Review by Sean Boelman
“Bupkis” is a slang word that means “nothing at all,” and even though Pete Davidson’s autobiographical series on Peacock takes that as its name, it’s actually surprisingly meaningful. Funny, thoughtful, and unexpectedly artistic in its execution, Bupkis is a pleasant surprise through-and-through.
The series presents what is described as a “heightened fictionalized take” on Pete Davidson’s life. This isn’t the first time that Davidson has made a project about his own life — the Judd Apatow film The King of Staten Island having done something similar a few years back — but this show is infinitely more successful.
Admittedly, the show is full of some of the most juvenile humor you will see this year, but it commits to it so heartily that it consistently gets the laugh. For example, the opening gag is insane and something you won’t soon forget — for better or worse. There is also a novelty to seeing “respectable” actors like Joe Pesci and Edie Falco doing such lowbrow comedy.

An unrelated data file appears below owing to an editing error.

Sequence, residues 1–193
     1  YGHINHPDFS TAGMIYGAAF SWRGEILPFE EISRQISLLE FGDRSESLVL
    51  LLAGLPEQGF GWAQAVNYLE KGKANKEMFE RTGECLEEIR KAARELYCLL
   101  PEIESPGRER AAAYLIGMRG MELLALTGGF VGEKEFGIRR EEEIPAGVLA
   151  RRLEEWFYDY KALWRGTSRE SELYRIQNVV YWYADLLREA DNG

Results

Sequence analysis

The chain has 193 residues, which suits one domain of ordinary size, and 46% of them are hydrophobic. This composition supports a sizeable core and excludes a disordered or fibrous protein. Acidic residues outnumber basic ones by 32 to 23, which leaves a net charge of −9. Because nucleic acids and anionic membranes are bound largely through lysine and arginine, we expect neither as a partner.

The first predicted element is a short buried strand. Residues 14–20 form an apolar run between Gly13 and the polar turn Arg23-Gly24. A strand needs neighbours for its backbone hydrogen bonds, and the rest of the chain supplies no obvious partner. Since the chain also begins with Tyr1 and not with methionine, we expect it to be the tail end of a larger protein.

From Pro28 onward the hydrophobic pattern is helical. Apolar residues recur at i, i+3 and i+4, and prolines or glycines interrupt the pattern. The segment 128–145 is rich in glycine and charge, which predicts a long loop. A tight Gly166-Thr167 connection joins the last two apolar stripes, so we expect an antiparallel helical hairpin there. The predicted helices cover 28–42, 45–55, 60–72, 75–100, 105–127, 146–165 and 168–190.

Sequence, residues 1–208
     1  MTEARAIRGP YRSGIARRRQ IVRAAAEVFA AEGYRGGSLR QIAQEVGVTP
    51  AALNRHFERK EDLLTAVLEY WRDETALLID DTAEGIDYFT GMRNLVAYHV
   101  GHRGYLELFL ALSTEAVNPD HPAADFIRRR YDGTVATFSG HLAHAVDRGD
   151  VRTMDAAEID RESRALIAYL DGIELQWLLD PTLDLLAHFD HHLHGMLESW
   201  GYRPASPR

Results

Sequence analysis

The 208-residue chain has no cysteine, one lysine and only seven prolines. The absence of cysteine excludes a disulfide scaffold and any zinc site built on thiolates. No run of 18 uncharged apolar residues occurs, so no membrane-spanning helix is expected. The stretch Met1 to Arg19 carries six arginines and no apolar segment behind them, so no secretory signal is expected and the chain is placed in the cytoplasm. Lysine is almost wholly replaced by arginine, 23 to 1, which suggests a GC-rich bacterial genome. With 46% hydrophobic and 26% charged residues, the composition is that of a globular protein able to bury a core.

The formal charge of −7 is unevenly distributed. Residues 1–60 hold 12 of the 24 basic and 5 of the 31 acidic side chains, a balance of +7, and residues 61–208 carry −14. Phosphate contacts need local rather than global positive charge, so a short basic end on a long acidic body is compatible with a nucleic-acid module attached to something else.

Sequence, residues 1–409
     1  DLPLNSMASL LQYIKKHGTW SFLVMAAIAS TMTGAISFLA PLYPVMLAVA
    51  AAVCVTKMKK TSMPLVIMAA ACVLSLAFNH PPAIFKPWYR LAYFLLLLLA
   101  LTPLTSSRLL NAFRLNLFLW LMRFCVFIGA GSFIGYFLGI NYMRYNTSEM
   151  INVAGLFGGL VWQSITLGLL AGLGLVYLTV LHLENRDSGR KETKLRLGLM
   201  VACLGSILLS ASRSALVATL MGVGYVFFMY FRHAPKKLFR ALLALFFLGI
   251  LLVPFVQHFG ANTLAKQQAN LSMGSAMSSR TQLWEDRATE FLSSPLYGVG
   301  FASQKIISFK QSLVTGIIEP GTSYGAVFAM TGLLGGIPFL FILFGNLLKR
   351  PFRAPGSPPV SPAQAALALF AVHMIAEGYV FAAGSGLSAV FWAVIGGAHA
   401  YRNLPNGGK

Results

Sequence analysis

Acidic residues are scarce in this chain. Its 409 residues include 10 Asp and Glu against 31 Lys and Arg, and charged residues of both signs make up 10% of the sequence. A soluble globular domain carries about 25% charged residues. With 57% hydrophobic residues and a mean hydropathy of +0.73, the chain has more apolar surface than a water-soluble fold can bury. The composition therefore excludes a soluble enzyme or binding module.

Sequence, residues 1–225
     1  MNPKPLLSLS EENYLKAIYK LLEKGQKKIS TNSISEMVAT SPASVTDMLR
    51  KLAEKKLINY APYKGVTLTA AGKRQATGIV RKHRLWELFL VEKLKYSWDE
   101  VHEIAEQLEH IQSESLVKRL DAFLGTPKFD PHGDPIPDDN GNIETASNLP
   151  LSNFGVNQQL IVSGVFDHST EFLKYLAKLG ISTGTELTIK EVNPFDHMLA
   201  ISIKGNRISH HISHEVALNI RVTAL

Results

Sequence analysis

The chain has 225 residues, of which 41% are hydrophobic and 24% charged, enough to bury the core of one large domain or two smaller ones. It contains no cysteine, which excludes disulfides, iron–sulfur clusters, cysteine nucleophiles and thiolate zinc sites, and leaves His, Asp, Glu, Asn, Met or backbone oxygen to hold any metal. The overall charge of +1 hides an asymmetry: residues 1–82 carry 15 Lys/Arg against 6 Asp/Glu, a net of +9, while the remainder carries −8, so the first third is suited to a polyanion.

The series has plenty of cameos from recognizable comedians — some Davidson’s friends from SNL like John Mulaney, Shane Gillis, and Kenan Thomspon — and others bigger celebrities whose presence is better left a surprise. Several cameos will have viewers rolling in their seats out of their sheer audacity.
That being said, the show also manages to have quite a poignant pang to it. Sure, it’s yet another dramedy exploring the idea of fame — which has been done to death since Entourage — but Davidson telling his own story gives it a personal edge. Split the difference between Master of None and Dave, and that’s pretty much what Bupkis is.
Even if you don’t particularly enjoy Davidson’s schtick, it’s hard not to feel for the fictionalized version of himself he plays. Although there’s some exaggerations and creative liberties taken, there are also plenty of moments that feel fully authentic. Davidson has been very vocal about his struggles with mental health, so these parts are particularly resonant.
The show also has some stylistically interesting choices throughout. Particularly in the later episodes, which follow Davidson as he loses his grip on reality, there are some flourishes that are really ambitious and interesting. The season finale, in particular, is a creatively-shot episode that does an excellent job of capturing an anxious tone.
Bupkis is a lot funnier and a ton more fun than it has any right to be. Even for someone who’s not particularly enamored with Davidson’s style of humor, there are plenty of funny and endearing moments that make this worth a watch.
Bupkis streams on Peacock beginning May 4. All eight episodes reviewed.
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